Wednesday, 20 November 2013


William Shakespeare is on a cold streak. He is writing for Philip Henslowe,  owner of  The Rose, a theatre whose doors are about to be closed by cruel creditors, but he has got a nasty case of writer's block. To tell the truth, he hasn't written much of anything recently. Thus, he finds himself in quite a bind when Henslowe, desperate to stave off another round of hot-coals-to-feet application, stakes The Rose’s solvency on Shakespeare's new comedy, "Romeo and Ethel, the Pirate's Daughter."  The problem is, "Romeo" is safely "locked away" in Shakespeare's head, which is to say that not a word of it is written. Meanwhile, the lovely Lady Viola is a passionate theatre-goer - scandalous for a woman of her breeding - who especially admires Shakespeare's plays and William himself. Unfortunately, she is about to be sold as property into a loveless marriage by her mercenary father and shipped off to a Virginia tobacco plantation. But not before dressing up as a young man and winning the part of Romeo in the embryonic play. Shakespeare soon discovers the deception and goes along with it, using the blossoming love affair to ignite his muse. As William and Viola's romance grows in intensity and spirals towards its inevitable culmination, the farcical comedy about Romeo and pirates transforms into the timeless tragedy that is  Romeo and Juliet.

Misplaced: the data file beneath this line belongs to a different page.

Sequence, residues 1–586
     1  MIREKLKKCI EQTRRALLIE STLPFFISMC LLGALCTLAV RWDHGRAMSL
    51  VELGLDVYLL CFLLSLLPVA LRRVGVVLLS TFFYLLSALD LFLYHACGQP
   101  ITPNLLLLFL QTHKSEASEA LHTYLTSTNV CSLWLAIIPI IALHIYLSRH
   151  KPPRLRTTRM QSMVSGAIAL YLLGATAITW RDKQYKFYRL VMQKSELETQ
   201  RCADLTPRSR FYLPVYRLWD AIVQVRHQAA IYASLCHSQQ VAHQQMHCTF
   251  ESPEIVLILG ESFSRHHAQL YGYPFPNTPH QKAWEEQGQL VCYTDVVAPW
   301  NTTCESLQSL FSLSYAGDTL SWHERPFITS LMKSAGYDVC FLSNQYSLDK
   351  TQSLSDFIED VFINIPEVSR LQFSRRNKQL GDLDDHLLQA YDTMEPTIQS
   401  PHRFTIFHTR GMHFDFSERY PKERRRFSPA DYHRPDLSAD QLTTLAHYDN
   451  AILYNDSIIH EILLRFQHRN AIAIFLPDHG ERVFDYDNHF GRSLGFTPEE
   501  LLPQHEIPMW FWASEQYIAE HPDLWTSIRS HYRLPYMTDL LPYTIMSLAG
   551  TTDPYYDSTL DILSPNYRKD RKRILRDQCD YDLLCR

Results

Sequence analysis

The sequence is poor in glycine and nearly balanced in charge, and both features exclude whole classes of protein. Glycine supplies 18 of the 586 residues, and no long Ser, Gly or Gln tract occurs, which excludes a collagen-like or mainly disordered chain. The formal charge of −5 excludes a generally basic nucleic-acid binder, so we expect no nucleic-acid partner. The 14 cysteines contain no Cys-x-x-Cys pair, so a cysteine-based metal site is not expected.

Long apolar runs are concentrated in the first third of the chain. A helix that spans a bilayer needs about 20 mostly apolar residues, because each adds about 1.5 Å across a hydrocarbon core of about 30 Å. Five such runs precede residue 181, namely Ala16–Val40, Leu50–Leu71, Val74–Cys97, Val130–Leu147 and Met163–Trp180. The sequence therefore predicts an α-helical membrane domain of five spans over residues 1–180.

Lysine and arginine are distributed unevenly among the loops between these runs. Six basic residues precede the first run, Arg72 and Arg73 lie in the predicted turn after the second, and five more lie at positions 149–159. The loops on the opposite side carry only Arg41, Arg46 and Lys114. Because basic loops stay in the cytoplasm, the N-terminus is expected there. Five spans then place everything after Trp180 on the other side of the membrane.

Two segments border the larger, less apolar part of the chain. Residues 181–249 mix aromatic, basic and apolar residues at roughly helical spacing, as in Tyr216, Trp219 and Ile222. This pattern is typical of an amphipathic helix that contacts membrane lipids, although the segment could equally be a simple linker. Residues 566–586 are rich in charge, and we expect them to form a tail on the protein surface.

Now let's watch these videos  in order to better understand and analyse  the introductory Prologue of  Romeo and Juliet  as well as the famous "Balcony Scene" (Act 2, scene II). 

You can also find some very useful material about Romeo and Juliet on the following webpages:

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